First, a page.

Historical Essay: The Heimlich Maneuver

The introduction of the ABEA Council members

Henry Heimlich MD

People often ask me, “How did you invent the Heimlich maneuver? Were you in a restaurant and saw someone choking? Did someone ask you to invent it? Or did it just come to you one day?”

One day in 1972 I was reading an article in the Sunday New York Times Magazine about accidental deaths. What caught my eye was that choking to death was number six on the list. Three thousand people a year died from choking in this country alone. This particularly piqued my interest because, in the 1950’s I had developed the Reversed Gastric Tube esophagus replacement operation and, through much of my career, had become involved in evaluating patients’ swallowing problems.

What was most striking was how choking usually occurred in the most ordinary circumstances. The object on which most people choked was a piece of food or, with children, a toy, a coin, or any small object they happened to put in their mouth. Yet you rarely heard of these deaths. Only when a prominent person died – such as Ethel Kennedy’s sister-in-law, Joan Skakel, who choked to death on a chunk of meat, did you read about it in the newspaper. Two music stars, band leader Tommy Dorsey and pop singer Mama Cass Elliot, lost their lives to choking. I later learned that Claudius I, Emperor of Rome, had also choked to death accidentally – not strangled by a rival, as is commonly believed.

As always, the first step was to research the subject in the medical journals. I discovered that since 1933, the American Red Cross had been teaching people to save choking persons by slapping them on the back. As I read further, I realized there was no scientific basis for that recommendation. In fact, all reports from 1854 (Gross SD: A Practical Treatise on Foreign Bodies in the Air-Passages. Philadelphia, Blanchard & Lea, 1854) to the present prove hitting a person on the back drives the object downward, lodging it more tightly in the airway. Choking persons, who can still breathe, even with a piece of food in their throat, often die when back slaps cork their airway.

Of particular interest to the ABEA is the remarkable study from the Chevalier Jackson Clinic. Beginning with a series of 612 cases in 1917, the Clinic recorded nearly 6,000 choking patient studies in 1973. The observations and cautionary comments by Chevalier Jackson and others are remarkably similar to each other as well as to the conclusions drawn by Gross. All of these authorities describe the dangers of backslaps, probing the pharynx with a finger, or turning the patient upside down.

In 1969, the journal Transactions of the American Broncho-Esophagological Association warned the Red Cross that back slaps were killing people. As a result, the Red Cross changed its policy. The 1970 Red Cross manual read: “Do not allow anyone to slap you on your back if you are choking and do not try to dislodge an object from another person’s throat by this means except as a last desperate effort to save his life.” Strangely, after the Heimlich Maneuver emerged, the Red Cross again reversed itself and began recommending back slaps before performing the Heimlich Maneuver! That surely did not justify the years of faulty advice.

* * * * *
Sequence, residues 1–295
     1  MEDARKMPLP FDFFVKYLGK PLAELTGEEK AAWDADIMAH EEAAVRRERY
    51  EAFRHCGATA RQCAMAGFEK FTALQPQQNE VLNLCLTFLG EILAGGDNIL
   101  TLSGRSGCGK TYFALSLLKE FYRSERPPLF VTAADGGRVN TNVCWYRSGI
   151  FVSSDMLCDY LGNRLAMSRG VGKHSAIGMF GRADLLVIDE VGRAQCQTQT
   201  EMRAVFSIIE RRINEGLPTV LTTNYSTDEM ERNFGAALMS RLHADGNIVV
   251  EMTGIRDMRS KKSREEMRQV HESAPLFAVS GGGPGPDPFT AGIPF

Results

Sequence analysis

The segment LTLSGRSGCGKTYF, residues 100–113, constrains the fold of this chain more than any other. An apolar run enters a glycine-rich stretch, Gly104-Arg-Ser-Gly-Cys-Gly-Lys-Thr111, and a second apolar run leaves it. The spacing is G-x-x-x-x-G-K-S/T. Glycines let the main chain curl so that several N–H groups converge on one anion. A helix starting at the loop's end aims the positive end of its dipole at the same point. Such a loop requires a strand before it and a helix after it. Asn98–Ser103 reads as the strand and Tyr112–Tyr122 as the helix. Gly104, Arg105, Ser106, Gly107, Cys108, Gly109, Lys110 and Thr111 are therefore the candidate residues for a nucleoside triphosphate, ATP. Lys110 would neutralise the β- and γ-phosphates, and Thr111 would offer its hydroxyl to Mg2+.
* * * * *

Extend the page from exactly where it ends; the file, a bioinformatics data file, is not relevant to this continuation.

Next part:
As I approached the problem, I decided that since back slaps caused deaths by forcing the object back downward in the airway the answer lay in creating a flow of air upward out of the lungs, using the lungs like a pair of bellows. As a thoracic surgeon, I knew there is always a large amount of residual air in the lungs, even after breathing out. To work up enough force to expel the object, I would have to find a way to compress the lungs sufficiently to create a strong flow of air out of the mouth.

In 1973, I began researching the problem in my laboratory at Cincinnati’s Jewish Hospital. I used an endotracheal tube as the foreign body obstructing the airway. I blew up the balloon at the lower end of the tube and closed off the upper end of the tube to prevent the flow of air through it. I inserted the balloon into the airway of an anaesthetized beagle. The balloon thus acted like a foreign object, such as a piece of meat, obstructing the airway. If I could produce a large flow of air by compressing the lungs, the tube should move upward out of the airway.

I pressed repeatedly on the dog’s chest, but the tube did not move. What was wrong? I stopped to analyze the situation. Simply pushing on the chest obviously did not compress the lungs sufficiently. The problem was the rib cage. It was evident pressing on the rigid chest did not compress the lungs at all.. In order to get the proper effect, you would virtually have to crush the ribs. In fact, rib fractures and crushed chests are a common complication of chest compression during CPR –cardiopulmonary resuscitation.